Date of Award
Master of Architecture
Marleen K. Davis
Brian Ambroziak, Barbara Klinkhammer
"The object of art is not to reproduce reality, but to create a reality of the same intensity." - Alberto Giacometti
"...representation itself is not a reflection of some "reality" in the world about us, but is a means of casting onto that world a concept - or a subliminal sense - of what reality is." -Ackerman, 121
Photography informs our perceptions of reality. Through various themes or techniques of transformation, the photograph exposes reality as an abstraction of itself and alters the way that we see and understand our surroundings. This way of seeing, or "photographic vision", is especially important in the visual field of architecture. As architects, we aim to create "moments of experience" within a building. By utilizing the photographic themes of transformation in the creation of these "moments", we can capture the same sense of illusion that is exposed in photography. As representations of themselves, these "moments" will offer a glimpse of an alternate reality.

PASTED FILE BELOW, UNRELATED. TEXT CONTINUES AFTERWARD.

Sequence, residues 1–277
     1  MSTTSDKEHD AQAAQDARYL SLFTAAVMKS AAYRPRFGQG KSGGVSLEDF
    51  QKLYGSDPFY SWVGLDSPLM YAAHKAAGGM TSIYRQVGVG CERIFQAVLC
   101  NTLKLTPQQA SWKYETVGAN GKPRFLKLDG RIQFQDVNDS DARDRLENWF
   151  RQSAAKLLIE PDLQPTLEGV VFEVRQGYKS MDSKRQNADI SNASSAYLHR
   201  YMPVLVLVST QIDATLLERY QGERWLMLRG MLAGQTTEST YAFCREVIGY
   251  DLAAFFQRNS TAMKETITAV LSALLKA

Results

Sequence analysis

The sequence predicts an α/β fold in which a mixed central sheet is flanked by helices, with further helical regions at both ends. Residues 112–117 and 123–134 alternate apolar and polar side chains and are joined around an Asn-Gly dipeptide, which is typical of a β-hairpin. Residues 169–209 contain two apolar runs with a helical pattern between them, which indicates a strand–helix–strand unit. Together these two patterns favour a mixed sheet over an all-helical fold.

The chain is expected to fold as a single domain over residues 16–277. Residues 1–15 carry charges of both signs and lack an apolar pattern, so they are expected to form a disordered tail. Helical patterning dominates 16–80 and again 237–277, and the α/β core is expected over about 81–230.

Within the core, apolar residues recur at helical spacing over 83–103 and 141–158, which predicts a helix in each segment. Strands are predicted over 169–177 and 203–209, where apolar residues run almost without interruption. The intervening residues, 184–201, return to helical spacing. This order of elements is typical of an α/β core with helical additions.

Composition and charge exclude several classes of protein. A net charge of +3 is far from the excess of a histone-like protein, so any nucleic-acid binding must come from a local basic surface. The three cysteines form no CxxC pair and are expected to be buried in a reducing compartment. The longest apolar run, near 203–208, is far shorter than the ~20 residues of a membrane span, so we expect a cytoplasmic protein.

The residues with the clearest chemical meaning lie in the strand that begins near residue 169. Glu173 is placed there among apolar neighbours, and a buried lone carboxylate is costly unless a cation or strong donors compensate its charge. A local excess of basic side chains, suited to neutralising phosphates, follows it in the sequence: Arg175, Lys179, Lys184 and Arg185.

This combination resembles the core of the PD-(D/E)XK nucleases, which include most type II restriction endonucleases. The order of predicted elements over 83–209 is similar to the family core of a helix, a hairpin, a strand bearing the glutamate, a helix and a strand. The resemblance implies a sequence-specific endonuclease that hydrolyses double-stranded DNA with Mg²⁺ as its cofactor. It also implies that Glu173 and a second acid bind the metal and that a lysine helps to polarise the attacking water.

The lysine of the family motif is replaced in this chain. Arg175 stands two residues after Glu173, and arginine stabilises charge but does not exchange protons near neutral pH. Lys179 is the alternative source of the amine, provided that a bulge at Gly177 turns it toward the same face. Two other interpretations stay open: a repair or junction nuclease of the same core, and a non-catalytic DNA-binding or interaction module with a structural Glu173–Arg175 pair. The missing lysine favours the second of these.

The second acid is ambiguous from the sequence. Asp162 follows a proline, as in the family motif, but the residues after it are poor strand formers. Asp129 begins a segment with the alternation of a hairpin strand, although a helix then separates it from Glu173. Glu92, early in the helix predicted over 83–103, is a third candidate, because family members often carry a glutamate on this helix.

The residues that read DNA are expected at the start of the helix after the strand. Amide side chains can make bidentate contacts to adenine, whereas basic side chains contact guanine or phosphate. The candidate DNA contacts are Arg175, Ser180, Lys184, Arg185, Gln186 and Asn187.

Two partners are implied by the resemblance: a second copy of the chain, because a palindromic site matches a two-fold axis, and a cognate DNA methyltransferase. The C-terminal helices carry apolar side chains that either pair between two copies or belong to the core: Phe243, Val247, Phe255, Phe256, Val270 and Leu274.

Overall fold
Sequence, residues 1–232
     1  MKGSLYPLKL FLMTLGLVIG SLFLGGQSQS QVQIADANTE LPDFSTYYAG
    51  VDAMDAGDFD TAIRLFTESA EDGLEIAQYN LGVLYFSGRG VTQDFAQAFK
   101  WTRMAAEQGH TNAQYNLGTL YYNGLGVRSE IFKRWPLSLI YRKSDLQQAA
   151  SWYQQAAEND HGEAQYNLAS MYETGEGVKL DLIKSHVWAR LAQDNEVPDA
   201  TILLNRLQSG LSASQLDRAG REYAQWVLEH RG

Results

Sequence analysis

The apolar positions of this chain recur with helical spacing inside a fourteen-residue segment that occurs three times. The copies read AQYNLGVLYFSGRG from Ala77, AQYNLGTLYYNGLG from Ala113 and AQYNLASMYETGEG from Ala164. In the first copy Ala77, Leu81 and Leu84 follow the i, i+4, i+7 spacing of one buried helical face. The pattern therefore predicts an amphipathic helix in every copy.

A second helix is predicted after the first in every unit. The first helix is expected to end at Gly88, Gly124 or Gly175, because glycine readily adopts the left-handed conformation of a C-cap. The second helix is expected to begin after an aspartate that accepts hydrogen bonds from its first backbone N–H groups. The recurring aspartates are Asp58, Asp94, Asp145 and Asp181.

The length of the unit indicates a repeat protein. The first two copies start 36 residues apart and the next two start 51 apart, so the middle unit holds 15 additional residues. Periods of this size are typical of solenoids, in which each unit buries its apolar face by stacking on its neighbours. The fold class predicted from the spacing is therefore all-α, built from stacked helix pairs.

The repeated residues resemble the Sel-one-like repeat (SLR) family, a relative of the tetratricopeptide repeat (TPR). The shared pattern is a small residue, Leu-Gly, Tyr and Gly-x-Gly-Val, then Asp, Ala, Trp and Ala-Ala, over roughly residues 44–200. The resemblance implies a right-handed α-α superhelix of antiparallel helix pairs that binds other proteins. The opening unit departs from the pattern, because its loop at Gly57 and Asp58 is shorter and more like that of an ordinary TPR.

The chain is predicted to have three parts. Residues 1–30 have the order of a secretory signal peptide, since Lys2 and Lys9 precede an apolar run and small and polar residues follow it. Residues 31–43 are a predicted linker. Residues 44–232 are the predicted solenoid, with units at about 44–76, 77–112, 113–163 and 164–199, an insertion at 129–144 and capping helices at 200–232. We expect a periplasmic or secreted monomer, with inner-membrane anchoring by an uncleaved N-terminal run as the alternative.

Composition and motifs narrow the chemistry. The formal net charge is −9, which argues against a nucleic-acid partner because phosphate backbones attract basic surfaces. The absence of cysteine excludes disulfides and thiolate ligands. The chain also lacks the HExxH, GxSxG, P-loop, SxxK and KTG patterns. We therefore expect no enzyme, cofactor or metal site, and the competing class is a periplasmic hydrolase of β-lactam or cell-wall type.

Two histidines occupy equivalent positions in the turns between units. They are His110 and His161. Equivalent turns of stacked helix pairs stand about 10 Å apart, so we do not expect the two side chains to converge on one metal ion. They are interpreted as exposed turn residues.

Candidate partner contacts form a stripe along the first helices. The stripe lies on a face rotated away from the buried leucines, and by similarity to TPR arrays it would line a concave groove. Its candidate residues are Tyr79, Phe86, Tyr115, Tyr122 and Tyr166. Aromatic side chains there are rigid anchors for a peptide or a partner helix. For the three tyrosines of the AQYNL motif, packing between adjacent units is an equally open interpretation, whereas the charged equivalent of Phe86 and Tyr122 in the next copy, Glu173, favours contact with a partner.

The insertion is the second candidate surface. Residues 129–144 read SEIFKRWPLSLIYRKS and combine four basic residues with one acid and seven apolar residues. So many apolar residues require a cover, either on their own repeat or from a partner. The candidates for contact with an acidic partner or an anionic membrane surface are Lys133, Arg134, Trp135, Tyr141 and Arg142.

The small-scale urban setting can benefit from a public building that embodies these ideas. Many small downtown areas have suffered misuse and neglect over the past decades, and are now attempting to reverse these effects through major revitalization efforts. A work of architecture based on the transformation of reality will not only encourage revitalization, but also become a symbol of the city's aspirations.
Museums engage our sense of vision. Their primary function is to display works of art, each of which becomes its own "moment of experience". Therefore, ideas of photographic transformation, altered perceptions, and "moments of experience" will be fully explored in the design of a museum.
Chapman, Haley E., "Photography in Architecture: The Transformation of Reality. " Master's Thesis, University of Tennessee, 2006.